Mysticeti

Characteristics and Taxonomy of Mysticeti

Feeding Humpback Whales, Alaska. Humpbacks are a mysticeti species and feed using baleen/
KEENPRESS/The Image Bank/Getty Images

Mysticeti refers to the baleen whales - whales that have a filtering system made up of baleen plates hanging from their upper jaw. The baleen filters the whale's food from the ocean water.

The taxonomic group Mysticeti is a suborder of the Order Cetacea, which includes all the whales, dolphins and porpoises. These animals may be referred to as mysticetes, or baleen whales. Some of the largest animals in the world are mysticetes. Below you can learn more about whale classification and characteristics of the whales in this group.

Mysticeti Etymology

The world mysticeti is thought to come from the Greek work mystíkētos (whalebone whale) or possibly the word mystakókētos (mustache whale) and the Latin cetus (whale).

In days when whales were harvested for their baleen, the baleen was called whalebone, even though it is made of protein, not bone.

Whale Classification

All whales are classified as vertebrate animals in the order Cetartiodactyla, which includes the even-toed ungulates (e.g., cows, camels, deer) and whales. This initially incongruous classification is based on recent findings that whales evolved from hooved ancestors.

Within the Cetartiodactyla order, there's a group (infraorder) called Cetacea. This contains about 90 species of whales, dolphins and porpoises. These are further divided into two groups - Mysticeti and Odontoceti. The Mysticeti and Odontoceti are classified to as superfamilies or suborder, depending on what classification system you view.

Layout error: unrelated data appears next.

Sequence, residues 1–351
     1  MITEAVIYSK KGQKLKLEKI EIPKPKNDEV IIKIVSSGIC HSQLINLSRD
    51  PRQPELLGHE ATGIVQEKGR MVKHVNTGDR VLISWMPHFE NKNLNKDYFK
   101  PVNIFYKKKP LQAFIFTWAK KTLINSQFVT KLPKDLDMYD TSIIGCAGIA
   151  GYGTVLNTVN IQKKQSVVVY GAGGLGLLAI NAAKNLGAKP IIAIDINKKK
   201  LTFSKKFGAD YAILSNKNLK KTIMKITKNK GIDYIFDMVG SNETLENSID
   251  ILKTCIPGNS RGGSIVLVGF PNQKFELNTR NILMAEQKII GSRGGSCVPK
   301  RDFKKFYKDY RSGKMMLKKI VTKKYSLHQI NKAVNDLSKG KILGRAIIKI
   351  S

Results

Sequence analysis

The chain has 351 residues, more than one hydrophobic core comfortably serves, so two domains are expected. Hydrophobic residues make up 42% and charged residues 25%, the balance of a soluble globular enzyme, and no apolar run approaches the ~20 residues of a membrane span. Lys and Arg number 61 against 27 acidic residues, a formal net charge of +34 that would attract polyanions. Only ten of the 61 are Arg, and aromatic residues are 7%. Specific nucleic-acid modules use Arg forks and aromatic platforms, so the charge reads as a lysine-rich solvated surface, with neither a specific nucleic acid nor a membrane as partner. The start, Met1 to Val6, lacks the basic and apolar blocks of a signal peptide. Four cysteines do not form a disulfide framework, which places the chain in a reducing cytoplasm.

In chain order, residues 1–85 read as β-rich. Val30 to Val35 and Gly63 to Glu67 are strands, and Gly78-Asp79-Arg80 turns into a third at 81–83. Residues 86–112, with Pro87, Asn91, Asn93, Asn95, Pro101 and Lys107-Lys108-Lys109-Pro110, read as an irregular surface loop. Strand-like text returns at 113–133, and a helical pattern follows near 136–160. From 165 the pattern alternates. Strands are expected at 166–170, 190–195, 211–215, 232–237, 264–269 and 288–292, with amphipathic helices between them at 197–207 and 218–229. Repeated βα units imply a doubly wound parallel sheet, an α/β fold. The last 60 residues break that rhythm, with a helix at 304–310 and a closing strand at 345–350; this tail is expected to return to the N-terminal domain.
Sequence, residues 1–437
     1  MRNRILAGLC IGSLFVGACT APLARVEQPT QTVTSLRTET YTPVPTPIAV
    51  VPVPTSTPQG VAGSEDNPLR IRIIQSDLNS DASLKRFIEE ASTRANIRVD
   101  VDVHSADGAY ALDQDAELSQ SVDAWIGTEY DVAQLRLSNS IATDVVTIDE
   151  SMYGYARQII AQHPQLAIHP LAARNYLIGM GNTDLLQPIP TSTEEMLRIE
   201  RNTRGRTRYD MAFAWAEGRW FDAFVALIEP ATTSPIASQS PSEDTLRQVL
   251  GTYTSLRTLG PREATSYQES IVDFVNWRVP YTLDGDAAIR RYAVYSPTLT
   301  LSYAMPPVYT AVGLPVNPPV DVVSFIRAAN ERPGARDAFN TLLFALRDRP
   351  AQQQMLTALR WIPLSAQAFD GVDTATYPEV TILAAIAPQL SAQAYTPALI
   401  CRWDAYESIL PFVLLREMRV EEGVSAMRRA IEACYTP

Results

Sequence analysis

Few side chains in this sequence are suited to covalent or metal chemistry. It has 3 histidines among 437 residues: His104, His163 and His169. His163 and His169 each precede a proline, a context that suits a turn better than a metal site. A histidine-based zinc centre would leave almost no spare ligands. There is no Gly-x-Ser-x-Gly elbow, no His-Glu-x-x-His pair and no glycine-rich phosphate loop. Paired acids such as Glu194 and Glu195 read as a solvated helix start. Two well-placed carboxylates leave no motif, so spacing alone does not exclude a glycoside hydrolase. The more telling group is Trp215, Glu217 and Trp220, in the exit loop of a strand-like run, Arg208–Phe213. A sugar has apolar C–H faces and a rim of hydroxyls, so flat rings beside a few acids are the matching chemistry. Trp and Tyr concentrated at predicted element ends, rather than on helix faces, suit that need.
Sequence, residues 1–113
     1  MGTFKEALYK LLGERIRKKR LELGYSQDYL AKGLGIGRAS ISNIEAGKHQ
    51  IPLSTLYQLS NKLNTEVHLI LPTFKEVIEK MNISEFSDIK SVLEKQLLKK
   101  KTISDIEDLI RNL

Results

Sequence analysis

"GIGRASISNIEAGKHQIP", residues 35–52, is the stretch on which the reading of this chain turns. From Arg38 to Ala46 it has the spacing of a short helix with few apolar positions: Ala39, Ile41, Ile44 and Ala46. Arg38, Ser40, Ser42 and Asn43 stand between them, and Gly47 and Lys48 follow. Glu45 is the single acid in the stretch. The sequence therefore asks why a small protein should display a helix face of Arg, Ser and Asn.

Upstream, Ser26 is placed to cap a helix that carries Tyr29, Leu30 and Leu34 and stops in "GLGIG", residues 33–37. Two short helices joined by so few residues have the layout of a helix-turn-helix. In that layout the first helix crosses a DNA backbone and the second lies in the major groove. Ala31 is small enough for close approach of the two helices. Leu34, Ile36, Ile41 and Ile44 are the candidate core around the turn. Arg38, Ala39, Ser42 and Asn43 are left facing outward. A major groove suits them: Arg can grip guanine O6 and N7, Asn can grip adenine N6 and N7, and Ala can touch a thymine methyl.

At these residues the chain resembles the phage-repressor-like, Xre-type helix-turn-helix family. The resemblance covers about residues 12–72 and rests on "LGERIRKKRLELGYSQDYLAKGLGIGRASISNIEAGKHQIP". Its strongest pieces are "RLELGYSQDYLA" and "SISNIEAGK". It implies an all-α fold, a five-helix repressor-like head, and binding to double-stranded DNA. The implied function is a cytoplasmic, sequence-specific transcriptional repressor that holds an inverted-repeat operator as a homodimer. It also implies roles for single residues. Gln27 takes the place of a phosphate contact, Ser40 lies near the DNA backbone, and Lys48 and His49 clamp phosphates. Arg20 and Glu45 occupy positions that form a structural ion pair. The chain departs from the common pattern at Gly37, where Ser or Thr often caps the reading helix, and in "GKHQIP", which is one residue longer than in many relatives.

Characteristics of Mysticeti vs. Odontoceti

Animals in the Mysticeti group are whales whose basic characteristics are that they have baleen, symmetrical skulls and two blowholes. Animals in the Odontoceti group have teeth, asymmetrical skulls and one blowhole.

Mysticete Families

Now, let's delve into the Mysticeti group. Within this group, there are four families:

  • Right Whales (Balaenidae), which includes the North Pacific, North Atlantic and southern right whales and the bowhead whale.
  • Pygmy Right Whale (Neobalaenidae), which includes just the pygmy right whale
  • Gray Whales (Eschrichtiidae), which includes just the gray whale
  • Rorquals (Balaenopteridae), which includes blue, fin, humpback, minke, sei, Bryde's, and Omura's whales

How Different Types of Mysticetes Feed

All of the mysticetes feed using baleen, but some are skim feeders and some are gulp feeders. Skim feeders, like the right whales, have large heads and long baleen and feed by swimming through the water with their mouth open, filtering the water in the front of the mouth and out between the baleen.

Rather than filtering as they swim, gulp feeders, like the rorquals, use their pleated lower jaw like a scoop to gulp in large quantities of water and fish, and then they strain the water out in between their baleen plates.

Pronunciation:miss-te-see-tee

References and Further Information

  • Bannister, J.L. "Baleen Whales." In Perrin, W.F., Wursig, B. and J.G.M. Thewissen. Encyclopedia of Marine Mammals. Academic Press. p. 62-73.
  • Mead, J.G. and J.P. Gold. 2002. Whales and Dolphins in Question. Smithsonian Institution.
  • Perrin, W. 2015. Mysticeti. In: Perrin, W.F. (2015) World Cetacea Database. Accessed through: World Register of Marine Species, September 30, 2015.
  • Society for Marine Mammalogy Committee on Taxonomy. 2014. List of Marine Mammal Species & Subspecies. Accessed September 29, 2015.